An artist born with spina bifida shares her story and her paintings with grace and humor.
“What’s wrong with her?” As a child, writes Lehrer, when a stranger would callously ask that question, “to my dismay, Mom would provide all they’d need to win the vacation package and the new Cadillac. She laid out the details of spina bifida, its causes and effects, as if deputizing a city-wide cadre in case I had to be rushed to an emergency room. For me, this kind of visibility was like being scraped along the sidewalk.” Lehrer, whose paintings of what she calls “socially challenged bod[ies]” hang in the National Portrait Gallery of the Smithsonian and many other museums, narrates her difficult childhood with an eloquence and freedom from self-pity that are every bit as powerful as those of Lucy Grealy in her Autobiography of a Face (1994). Remarkably, Lehrer, now 62, found a way to survive endless surgeries (many of them completely bungled) and irremediable pain to create a successful life—one that readers will relish learning about. Her evolving self-awareness as an artist, a disabled person, and a woman with a complicated sexuality are well-explored, and her prose ranges from light and entertaining to intellectually and emotionally serious—and always memorable. In explaining a period when she took up painting beds, she writes, “Beds are crossroads, where impairment and sexuality intersect, the mattress a palimpsest of ecstasy and hurt.” The memoir is illustrated with photographs of family and friends and color images of Lehrer’s paintings. In an appendix—a bonus book within the book—she goes back to each of the portraits and shares anecdotes about her process and her interaction with the subject, often including that person’s own account. In one of her series, The Risk Pictures, Lehrer leaves the subject alone with the canvas for an hour and instructs them to alter it however they want.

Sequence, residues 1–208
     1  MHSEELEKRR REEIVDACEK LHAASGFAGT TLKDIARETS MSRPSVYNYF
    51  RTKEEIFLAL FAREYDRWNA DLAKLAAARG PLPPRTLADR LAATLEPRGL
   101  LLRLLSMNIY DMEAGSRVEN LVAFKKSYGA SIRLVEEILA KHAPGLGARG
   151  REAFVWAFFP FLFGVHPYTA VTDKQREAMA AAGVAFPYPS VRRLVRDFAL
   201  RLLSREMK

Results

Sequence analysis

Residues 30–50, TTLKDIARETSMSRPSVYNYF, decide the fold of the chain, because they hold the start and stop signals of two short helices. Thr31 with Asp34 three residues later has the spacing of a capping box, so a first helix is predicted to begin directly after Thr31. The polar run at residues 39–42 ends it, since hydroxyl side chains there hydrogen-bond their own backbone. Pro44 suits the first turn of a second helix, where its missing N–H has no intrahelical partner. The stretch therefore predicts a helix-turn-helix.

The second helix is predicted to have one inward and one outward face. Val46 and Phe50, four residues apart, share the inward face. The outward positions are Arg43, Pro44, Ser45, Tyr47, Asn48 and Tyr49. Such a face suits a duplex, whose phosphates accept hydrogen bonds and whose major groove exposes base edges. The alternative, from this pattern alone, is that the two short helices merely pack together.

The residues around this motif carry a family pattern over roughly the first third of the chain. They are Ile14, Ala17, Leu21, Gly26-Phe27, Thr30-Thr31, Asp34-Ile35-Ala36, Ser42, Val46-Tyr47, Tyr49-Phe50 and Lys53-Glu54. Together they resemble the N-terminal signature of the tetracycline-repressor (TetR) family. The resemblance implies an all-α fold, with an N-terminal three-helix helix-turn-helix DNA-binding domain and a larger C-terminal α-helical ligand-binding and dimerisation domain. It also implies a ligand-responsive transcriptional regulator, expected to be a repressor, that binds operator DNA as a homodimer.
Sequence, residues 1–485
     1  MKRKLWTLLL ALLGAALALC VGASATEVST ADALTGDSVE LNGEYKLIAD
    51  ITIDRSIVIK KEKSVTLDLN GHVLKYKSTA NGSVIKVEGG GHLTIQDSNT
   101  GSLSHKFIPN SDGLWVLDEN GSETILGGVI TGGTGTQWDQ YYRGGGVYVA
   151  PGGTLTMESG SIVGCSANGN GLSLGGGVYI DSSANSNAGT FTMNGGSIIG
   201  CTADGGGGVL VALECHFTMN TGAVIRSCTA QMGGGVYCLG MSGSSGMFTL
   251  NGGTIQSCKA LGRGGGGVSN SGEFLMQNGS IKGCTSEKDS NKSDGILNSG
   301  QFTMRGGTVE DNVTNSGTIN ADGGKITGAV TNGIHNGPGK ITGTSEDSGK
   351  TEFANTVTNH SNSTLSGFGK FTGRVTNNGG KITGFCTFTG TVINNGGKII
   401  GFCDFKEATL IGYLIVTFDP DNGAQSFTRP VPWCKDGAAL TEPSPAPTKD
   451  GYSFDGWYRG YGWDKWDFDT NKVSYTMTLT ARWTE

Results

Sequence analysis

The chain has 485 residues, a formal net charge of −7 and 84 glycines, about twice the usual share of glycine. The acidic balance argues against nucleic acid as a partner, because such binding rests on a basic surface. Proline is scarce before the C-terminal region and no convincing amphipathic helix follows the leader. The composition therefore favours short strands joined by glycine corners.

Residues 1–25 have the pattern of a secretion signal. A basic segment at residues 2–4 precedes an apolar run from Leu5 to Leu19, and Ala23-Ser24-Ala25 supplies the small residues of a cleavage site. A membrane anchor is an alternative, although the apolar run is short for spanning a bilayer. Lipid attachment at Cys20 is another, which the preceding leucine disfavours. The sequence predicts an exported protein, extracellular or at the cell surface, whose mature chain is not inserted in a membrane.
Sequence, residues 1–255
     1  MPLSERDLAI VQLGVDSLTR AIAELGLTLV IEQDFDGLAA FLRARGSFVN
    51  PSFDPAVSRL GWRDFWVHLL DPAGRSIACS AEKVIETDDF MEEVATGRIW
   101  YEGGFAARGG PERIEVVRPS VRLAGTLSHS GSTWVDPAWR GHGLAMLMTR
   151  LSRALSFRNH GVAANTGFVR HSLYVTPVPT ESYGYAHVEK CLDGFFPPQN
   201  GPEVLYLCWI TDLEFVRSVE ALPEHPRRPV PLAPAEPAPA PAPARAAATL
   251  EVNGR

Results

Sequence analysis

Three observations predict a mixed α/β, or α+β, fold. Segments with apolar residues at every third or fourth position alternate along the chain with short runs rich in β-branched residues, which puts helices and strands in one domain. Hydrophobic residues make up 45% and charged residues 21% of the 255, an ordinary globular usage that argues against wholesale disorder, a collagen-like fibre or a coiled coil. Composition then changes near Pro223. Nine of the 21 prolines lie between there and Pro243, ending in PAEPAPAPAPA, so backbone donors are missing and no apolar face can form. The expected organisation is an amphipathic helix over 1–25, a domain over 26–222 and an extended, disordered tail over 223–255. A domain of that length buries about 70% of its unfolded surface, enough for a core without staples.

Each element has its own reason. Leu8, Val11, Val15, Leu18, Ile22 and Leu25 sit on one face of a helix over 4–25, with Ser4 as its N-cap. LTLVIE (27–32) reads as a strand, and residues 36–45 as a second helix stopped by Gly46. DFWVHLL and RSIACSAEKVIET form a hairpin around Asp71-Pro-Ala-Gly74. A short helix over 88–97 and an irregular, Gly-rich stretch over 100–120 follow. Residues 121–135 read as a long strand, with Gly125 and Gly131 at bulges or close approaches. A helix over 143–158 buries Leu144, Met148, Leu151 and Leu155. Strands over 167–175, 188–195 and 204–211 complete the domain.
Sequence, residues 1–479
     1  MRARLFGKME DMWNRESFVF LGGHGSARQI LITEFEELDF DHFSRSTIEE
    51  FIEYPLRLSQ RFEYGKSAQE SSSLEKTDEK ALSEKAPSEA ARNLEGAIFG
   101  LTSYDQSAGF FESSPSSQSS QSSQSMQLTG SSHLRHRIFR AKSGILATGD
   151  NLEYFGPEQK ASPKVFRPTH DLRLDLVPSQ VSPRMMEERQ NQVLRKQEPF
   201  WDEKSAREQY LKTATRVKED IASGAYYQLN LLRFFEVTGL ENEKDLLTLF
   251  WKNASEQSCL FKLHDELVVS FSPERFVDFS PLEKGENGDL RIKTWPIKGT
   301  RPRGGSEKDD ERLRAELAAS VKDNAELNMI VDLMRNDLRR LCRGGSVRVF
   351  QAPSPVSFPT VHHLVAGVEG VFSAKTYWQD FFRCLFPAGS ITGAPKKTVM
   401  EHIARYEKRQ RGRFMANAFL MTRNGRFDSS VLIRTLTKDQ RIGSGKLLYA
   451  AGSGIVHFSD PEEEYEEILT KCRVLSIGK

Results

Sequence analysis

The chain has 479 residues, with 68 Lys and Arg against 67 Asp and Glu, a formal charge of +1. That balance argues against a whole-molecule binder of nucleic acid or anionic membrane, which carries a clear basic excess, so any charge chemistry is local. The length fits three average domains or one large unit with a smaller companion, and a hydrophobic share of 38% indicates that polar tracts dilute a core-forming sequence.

An extraordinary memoir suffused with generosity, consistent insight, and striking artwork.